Neil Blumberg, M.D., professor of Pathology and Laboratory Medicine and director of Blood Bank/Transfusion Medicine at the University of Rochester Medical Center, is being inducted into the National Blood Foundation Hall of Fame on Oct. 19, 2019.
For more than 30 years, Blumberg and a team of collaborators have been investigating how to make blood transfusions safer for the millions of hospitalized patients who receive them every day. He’s been an ardent local, regional, and national advocate for fewer transfusions, despite push-back from many in the medical field.
Some of his earliest work, which established Blumberg as a leader, showed poorer outcomes for cancer patients who received donor blood. These study results changed clinical practice at URMC and increased the survival odds for young leukemia patients. Later, Blumberg showed that filtering the foreign white blood cells from donor blood when transfusions are necessary resulted in fewer cardiopulmonary complications for patients.
And in 2014, Blumberg and co-authors published a groundbreaking JAMA analysis showing that doing fewer blood transfusions reduces infection rates by nearly 20 percent. The study was the first to show conclusively — by analyzing 18 randomized clinical trials involving 8,700 patients — that reducing the number of transfusions not only saved lives but can decrease health care costs significantly.
“My advice to young physicians, medical technologists, scientists and nurses who want to do research is to find problems you think are important and are passionate about,” Blumberg said, in a recent article in the American Association of Blood Banks newsletter that honored his Hall of Fame recognition.
“Don’t allow failure or disapproval of your results by others discourage you too much,” he said. “Consider feedback, but if you find results contrary to the conventional wisdom, read about Semmelweis, whose instructing physicians to wash their hands prior to delivering babies was met with contempt. Read about Bernard Fisher, the surgeon whose work demonstrating that the Halstead radical mastectomy was ineffective and only created suffering was met with a mixture of disbelief and anger. It is always first and foremost the work and its benefit to patients that should be your focus.”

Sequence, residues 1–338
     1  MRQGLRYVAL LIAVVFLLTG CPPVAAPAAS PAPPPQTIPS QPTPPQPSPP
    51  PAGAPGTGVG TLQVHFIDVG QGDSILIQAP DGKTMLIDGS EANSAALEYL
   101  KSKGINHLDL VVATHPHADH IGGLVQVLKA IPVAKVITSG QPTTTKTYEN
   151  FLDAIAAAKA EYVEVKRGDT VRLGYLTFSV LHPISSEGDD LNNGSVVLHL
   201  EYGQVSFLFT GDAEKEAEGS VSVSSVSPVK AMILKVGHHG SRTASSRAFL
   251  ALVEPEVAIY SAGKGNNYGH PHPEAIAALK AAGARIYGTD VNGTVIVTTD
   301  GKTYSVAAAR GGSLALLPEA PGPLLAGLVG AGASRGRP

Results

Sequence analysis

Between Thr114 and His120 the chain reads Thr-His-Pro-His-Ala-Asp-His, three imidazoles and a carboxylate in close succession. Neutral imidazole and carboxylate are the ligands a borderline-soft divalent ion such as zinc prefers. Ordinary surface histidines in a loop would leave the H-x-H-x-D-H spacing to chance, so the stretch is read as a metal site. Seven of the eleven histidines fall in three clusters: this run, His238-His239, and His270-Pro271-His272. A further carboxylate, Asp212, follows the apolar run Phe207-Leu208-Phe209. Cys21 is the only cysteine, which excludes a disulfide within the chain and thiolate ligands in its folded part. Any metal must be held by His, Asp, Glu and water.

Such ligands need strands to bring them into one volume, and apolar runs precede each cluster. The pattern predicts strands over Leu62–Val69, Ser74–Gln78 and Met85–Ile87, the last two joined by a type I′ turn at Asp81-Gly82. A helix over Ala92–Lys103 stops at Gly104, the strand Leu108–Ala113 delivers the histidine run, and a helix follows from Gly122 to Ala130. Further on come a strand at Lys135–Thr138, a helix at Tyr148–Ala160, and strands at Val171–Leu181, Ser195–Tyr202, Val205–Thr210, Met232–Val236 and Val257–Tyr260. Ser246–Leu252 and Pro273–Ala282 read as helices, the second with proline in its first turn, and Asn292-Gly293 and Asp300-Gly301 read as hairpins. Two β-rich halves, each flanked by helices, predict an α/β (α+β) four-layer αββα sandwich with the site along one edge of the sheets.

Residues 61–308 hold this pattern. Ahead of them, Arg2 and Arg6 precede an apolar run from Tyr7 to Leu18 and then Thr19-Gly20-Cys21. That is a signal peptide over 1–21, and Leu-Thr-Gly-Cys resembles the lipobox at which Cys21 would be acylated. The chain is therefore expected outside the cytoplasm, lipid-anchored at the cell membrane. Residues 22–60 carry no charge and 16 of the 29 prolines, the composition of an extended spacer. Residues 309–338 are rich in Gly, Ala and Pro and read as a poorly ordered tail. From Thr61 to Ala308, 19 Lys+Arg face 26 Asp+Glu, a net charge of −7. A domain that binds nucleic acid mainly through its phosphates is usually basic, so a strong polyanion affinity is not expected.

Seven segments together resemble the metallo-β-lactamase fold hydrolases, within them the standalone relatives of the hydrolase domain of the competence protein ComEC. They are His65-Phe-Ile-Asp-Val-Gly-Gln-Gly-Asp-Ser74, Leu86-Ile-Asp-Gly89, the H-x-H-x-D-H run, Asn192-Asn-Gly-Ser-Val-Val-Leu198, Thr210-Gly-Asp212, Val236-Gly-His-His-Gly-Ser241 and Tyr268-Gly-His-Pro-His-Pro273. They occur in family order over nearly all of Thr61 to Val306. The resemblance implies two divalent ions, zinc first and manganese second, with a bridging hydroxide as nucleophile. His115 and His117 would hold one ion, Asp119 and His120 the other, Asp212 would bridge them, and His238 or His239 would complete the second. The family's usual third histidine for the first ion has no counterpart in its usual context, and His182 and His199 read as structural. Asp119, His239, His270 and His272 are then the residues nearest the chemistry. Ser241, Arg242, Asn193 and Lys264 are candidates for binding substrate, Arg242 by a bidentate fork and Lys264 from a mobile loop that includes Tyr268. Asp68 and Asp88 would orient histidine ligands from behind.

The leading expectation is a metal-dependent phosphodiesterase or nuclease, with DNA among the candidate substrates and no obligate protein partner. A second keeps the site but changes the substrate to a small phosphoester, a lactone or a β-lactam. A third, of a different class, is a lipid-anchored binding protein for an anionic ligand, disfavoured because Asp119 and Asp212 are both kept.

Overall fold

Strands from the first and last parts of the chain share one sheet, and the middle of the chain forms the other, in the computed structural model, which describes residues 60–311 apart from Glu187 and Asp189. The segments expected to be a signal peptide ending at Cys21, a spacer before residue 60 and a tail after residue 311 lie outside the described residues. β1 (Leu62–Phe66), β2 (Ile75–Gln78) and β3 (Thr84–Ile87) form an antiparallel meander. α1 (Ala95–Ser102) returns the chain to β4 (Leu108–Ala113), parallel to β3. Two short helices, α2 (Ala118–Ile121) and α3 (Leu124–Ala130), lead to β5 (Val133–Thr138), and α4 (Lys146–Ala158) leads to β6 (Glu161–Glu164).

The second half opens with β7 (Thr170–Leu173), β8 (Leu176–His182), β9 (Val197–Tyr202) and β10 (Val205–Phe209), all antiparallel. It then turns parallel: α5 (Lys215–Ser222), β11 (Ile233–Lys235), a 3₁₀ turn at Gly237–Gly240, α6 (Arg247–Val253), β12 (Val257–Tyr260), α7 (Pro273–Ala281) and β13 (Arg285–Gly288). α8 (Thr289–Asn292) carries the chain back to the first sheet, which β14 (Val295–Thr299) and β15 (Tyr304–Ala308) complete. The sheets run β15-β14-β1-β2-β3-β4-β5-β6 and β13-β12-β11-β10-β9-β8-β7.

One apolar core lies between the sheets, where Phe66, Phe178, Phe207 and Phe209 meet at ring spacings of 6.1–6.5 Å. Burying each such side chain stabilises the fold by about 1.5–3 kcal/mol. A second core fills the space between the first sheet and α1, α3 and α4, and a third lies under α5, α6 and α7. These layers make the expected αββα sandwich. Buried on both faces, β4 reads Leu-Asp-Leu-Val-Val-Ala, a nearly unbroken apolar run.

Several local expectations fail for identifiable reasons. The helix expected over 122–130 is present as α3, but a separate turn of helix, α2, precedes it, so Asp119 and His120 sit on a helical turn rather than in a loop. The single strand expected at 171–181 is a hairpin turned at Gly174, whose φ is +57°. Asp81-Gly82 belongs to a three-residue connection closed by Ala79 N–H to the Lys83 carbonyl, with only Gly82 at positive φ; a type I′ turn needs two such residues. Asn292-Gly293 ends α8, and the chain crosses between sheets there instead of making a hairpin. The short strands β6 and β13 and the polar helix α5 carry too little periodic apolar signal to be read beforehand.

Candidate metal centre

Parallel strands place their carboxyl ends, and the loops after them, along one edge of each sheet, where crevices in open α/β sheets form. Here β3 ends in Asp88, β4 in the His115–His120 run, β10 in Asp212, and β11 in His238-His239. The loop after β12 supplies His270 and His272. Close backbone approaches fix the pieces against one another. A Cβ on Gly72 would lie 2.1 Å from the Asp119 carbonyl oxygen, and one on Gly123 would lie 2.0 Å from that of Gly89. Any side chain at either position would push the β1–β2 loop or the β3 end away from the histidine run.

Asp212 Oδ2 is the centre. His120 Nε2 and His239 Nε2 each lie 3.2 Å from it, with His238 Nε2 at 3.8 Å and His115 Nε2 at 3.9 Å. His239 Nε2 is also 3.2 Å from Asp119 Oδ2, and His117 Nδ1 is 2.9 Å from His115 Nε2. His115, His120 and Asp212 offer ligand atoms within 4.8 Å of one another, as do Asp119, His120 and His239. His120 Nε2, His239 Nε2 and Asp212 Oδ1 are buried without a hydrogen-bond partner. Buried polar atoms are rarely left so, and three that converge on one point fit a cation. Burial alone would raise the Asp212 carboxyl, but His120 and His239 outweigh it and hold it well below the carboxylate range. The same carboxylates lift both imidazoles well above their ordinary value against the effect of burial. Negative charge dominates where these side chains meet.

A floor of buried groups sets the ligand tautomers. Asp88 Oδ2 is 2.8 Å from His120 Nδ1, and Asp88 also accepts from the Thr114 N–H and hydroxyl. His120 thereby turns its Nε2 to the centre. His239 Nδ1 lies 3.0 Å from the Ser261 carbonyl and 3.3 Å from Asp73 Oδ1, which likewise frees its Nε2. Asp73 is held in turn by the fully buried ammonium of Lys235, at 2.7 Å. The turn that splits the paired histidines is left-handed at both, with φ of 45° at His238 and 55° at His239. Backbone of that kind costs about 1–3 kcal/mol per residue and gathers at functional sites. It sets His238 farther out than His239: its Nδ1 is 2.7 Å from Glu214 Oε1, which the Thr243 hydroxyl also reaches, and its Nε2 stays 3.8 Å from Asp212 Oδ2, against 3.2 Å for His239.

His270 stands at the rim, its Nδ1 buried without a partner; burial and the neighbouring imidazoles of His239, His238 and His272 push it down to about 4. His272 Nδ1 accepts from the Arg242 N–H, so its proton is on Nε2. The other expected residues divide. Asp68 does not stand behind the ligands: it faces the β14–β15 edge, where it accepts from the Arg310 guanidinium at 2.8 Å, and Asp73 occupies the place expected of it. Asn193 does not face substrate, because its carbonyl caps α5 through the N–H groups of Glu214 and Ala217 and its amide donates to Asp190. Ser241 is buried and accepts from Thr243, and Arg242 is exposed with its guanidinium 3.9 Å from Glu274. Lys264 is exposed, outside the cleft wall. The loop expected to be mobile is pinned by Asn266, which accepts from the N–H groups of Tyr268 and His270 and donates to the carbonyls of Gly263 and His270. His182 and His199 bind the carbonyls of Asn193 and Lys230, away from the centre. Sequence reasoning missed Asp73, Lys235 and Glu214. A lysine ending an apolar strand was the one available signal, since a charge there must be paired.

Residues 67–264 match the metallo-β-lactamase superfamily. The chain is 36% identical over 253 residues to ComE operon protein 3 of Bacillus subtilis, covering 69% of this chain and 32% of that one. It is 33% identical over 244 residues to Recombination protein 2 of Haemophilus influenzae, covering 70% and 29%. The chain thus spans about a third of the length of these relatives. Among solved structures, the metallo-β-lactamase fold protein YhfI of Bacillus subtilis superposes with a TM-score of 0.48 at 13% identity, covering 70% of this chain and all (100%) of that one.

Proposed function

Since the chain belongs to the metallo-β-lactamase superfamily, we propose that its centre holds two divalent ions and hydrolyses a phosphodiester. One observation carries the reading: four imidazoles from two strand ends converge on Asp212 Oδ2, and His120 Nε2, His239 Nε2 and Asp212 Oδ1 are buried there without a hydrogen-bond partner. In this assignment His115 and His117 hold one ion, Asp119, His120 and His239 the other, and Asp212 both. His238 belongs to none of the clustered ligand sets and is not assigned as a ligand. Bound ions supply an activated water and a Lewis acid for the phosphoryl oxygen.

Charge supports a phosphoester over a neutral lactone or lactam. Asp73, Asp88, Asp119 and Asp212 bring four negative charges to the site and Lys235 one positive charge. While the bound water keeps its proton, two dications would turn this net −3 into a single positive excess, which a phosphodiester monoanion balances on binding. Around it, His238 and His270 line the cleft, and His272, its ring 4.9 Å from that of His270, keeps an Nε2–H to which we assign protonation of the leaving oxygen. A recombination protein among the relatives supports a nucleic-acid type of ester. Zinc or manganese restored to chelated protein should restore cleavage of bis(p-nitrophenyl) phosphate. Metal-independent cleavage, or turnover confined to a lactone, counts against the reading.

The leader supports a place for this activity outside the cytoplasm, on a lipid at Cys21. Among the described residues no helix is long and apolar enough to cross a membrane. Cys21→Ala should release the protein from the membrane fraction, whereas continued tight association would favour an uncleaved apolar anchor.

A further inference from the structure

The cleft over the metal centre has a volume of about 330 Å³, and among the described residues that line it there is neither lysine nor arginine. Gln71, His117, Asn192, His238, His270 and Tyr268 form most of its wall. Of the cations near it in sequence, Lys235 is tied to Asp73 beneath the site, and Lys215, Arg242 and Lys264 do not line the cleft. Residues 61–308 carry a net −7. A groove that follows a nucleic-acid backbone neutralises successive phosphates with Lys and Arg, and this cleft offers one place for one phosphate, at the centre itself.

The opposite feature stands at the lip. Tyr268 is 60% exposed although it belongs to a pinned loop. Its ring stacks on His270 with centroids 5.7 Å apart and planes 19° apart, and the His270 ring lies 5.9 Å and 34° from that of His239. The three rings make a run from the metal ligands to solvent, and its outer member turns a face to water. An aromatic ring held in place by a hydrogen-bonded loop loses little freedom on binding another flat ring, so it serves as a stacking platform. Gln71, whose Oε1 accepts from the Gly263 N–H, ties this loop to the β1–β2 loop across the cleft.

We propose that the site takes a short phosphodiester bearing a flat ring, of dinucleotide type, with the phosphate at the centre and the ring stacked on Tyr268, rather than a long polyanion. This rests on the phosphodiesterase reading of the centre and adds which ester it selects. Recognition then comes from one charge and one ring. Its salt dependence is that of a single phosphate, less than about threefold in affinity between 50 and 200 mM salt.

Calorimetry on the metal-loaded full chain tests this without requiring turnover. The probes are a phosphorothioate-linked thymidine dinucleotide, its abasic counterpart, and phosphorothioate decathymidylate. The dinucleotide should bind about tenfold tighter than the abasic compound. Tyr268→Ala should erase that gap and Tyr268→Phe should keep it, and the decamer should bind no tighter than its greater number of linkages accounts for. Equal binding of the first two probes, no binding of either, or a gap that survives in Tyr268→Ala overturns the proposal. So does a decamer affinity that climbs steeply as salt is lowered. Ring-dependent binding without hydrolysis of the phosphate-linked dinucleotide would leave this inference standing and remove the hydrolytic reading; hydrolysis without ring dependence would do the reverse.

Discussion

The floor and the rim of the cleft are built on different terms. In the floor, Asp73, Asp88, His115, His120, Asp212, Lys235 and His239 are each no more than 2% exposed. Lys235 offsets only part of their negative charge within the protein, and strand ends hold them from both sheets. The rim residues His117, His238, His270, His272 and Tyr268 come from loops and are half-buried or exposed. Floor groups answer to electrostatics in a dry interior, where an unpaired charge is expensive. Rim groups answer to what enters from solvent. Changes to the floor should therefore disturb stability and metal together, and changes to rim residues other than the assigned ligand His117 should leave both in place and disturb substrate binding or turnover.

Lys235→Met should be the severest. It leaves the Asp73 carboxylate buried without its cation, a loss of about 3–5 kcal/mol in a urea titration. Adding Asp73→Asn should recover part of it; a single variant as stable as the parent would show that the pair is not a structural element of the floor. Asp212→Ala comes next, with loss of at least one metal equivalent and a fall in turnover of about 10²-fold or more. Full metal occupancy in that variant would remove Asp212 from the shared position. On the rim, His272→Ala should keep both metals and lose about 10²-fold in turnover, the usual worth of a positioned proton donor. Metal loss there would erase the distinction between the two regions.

None of his research would have been possible, he said, without help from numerous close associates, including his spouse, Joanna M. Heal, MBBS, retired physician at the American Red Cross and UR Medicine’s Hematology/Oncology unit; the technical staff and attending physicians in the Transfusion Medicine service at Strong Memorial Hospital; the nursing staff at Wilmot Cancer Institute and Strong Memorial; and several faculty from Pediatric Surgery, Pulmonary and Critical Care Medicine, and from Wilmot.
The AABB will feature Blumberg as a keynote speaker at its annual meeting in San Antonio, Texas, where the Hall of Fame induction takes place.
- Leslie Orr